Mahler’s second symphony, known as the “Resurrection” for its rousing choral climax and theological theme, is one of the trickiest works in the repertory, a 90- minute epic involving a huge orchestra, chorus, two vocal soloists and an invisible offstage group of brass and percussion that seldom come in on cue. Discussing the purpose of life on earth, its unwieldiness regularly defeats the best efforts of famous maestros. For a rank amateur to accomplish a performance without breaking down in the vast finale was tantamount to a musical revolution. Privately Mr Kaplan now admits that if the musicians had failed to respond to his beat or the music fell apart (as it sometimes does in the best of hands), his fallback plan was to turn around to the audience and announce: “Ladies and gentlemen, dinner is served.”

His feat, discreet though it was, reverberated throughout the music world. Over the following years Mr Kaplan was invited to conduct flagship ensembles at La Scala in Milan, in Munich and Vienna, to open the prestigious Salzburg festival and to give the work its Chinese premiere in Beijing. His recording, made in Cardiff in 1985, has outsold Bernstein, Pierre Boulez, Claudio Abbado and all other contenders. On December 8th his odyssey reaches an emotional apotheosis when he conducts the work with the New York Philharmonic at the Lincoln Centre’s Avery Fisher Hall 100 years to the night after the composer, with the same orchestra, gave the piece its American premiere.

Pleasing as this symmetry will be to the now-retired publisher, the results of his presumption are far-reaching. Mr Kaplan is acknowledged as the leading technical authority on Mahler’s second symphony, consulted by many professional maestros on matters of detail. He was the first to import television screens and cameras to communicate with the offstage band, a device now in common use.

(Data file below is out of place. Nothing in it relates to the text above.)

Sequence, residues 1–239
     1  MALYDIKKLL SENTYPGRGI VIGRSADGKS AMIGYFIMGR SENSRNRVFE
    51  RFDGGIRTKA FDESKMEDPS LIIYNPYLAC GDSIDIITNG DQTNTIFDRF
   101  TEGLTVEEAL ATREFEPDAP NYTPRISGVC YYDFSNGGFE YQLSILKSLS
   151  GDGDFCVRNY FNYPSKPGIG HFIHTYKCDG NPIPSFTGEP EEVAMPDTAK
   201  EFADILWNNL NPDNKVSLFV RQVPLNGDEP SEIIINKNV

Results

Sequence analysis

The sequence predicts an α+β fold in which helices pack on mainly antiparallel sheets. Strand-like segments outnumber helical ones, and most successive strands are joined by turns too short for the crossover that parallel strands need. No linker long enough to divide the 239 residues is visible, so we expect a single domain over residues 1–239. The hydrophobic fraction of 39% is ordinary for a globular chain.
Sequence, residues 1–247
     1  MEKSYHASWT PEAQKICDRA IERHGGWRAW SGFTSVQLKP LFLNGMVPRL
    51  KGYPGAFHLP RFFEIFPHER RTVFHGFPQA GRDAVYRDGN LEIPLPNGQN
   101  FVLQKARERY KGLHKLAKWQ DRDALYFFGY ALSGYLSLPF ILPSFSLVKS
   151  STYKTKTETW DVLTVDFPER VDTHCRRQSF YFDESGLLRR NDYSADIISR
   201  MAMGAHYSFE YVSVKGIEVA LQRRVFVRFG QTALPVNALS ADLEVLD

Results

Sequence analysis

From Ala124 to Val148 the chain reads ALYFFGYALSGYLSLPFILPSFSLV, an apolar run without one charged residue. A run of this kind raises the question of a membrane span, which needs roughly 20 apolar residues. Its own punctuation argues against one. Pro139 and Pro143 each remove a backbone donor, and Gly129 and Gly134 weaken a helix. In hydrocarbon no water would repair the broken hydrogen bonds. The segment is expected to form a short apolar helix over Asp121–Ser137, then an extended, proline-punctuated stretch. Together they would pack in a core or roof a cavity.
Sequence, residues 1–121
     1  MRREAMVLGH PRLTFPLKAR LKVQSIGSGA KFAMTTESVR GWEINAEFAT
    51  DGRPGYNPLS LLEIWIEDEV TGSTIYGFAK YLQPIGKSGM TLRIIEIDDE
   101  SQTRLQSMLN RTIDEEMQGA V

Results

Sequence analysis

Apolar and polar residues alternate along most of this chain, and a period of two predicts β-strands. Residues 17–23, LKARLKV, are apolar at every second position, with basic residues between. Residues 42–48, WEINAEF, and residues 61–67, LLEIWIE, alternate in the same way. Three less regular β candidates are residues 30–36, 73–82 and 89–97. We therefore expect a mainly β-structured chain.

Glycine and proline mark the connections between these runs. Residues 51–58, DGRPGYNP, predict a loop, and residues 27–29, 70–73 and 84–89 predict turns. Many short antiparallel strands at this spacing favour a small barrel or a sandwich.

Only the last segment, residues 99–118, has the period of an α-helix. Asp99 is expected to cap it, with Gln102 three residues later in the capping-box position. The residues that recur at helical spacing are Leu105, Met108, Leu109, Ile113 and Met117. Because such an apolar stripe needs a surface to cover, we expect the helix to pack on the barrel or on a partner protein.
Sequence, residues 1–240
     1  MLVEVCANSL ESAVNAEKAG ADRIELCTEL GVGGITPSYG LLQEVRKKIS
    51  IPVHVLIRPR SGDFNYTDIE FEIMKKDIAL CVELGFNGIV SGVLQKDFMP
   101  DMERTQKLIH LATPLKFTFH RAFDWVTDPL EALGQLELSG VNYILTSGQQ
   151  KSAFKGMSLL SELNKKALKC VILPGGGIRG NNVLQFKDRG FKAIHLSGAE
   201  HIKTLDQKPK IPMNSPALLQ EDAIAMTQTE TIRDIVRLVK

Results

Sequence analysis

He owns the composer’s manuscript, acquiring it in 1984 from a Dutch foundation, publishing it in facsimile and obliging Vienna’s Universal Edition to print a corrected new score which is faithful to Mahler’s final amendments. The Vienna Philharmonic gave its first note-perfect performance under Mr Kaplan’s baton and he experienced his deepest satisfaction when the horn section, struggling in a recording session to accommodate the changes, played one passage 11 times in their earnestness to get it right.

Mr Kaplan’s involvement with the second symphony has made it probably the most talked-about of Mahler’s works, diverting public attention away from the morbidity of his last great pieces. The long-standing image of Mahler as a composer of doom has been set aside, in part through Mr Kaplan’s advocacy.

That an unskilled dreamer could teach professionals how to bring off a masterpiece is a fantasy that many share but few presume to achieve. Mr Kaplan, after his first performance, said: “I had a feeling that people in the audience were urging me to fulfil my dream. They were up with me on the podium that night, playing baseball for the Yankees, writing the book they never wrote or getting the girl they never got.”

His has been a triumph of ambition over intractable matter, a fulfilment of Mahler’s faith in Arthur Schopenhauer’s idea that the human will can overcome any force on earth. Or, in more contemporary Obamist rhetoric, Yes We Can.